The Government Accountability Office (GAO) has released a report calling for better management of Federal IT service contracts at the Department of Defense, Department of Homeland Security, National Aeronautics and Space Administration, and the General Services Administration.

The Oct. 22 GAO report follows a similar directive issued last week by the Office of Management and Budget (OMB) to all Federal agencies and departments. Both the GAO report and the OMB directive say the Federal government could save billions through a more strategic approach to buying IT products and services.

In this latest report?commissioned by a bipartisan group of Senate leaders?GAO researchers compared poor Federal government IT purchasing strategy with that of commercial companies. GAO said private industry is known to save four to 15 percent annually by aggregating their IT service needs to negotiate better prices.

Most of the agencies in the study are using “hundreds of potentially duplicative contracts,” with only 10 to 44 percent of their IT services purchased through preferred strategic sourcing contracts in fiscal year 2013. GAO compared this to private industry, which purchases 90 percent of its IT services strategically.

GAO found a difference of 62 percent between the highest and lowest IT service labor rates being charged the Federal government, which GAO attributed?in part?to differences in geography, security, and skill requirements needed for the services. Two Federal IT contractors, combined, billed 117 discrete labor categories?with multiple variations, the study found. This made it difficult for federal IT managers to compare rates, GAO said.

“One of the biggest barriers to strategic sourcing in general is cultural,” said Katell Thielemann, public sector research director at Gartner Inc. “Buyers perceive that they will lose control if they entrust the acquisition process to someone else.”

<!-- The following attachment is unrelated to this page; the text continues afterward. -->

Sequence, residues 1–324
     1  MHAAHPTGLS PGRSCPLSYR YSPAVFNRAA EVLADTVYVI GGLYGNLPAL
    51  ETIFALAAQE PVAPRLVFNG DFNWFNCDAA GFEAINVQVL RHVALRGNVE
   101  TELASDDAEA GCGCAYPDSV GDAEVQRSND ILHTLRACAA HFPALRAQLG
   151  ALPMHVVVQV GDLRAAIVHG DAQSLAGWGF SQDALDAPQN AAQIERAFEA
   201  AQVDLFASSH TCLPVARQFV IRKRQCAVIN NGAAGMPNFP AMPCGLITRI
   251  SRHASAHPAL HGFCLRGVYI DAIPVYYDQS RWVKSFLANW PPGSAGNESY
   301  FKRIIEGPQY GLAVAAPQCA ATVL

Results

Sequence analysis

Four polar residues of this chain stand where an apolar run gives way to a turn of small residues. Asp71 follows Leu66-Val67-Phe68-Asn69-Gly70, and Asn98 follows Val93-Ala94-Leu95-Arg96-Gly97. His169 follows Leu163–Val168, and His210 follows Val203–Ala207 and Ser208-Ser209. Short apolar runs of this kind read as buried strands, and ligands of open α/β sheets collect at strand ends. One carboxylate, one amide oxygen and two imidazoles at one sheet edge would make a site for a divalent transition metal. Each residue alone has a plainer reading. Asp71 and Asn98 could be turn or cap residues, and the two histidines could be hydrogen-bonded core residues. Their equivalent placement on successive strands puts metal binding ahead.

The second barrier, according to Thielemann, arises when strategic sourcing moves outside of commoditized environments. “The minute you start needing customization, the idea of aggregating buys and demanding volume discounts becomes more difficult,” Thielemann said. “Finally, the idea of strategic sourcing for services — which relies on normalized labor rates — is diametrically opposed to performance [and] outcomes-based thinking where vendors are paid for the value they provide, not incentivized to a race to the bottom on labor hour pricing,” she said.

GAO praised the agencies for having improved strategic spending for software design and development over recent years.

Administrators of the studied agencies agreed with GAO’s findings and recommendations. NASA officials said NASA will analyze its IT spending by February 2016 and will develop guidance and “overarching goals and metrics for saving” by January 2017.

DOD officials said they plan to analyze IT spending strategies and establish “utilization and savings goals” for its portfolio of IT contractors by the end of 2015.

DHS said it will make the needed improvements by the third quarter of fiscal year 2016.

“As more agencies [and] bureaus realize that they would be better served by focusing on their core missions instead of wasting time hogging pet contracts, we should start seeing a change,” Thielemann said. “FITARA should help in this regard as well.”

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Diana Manos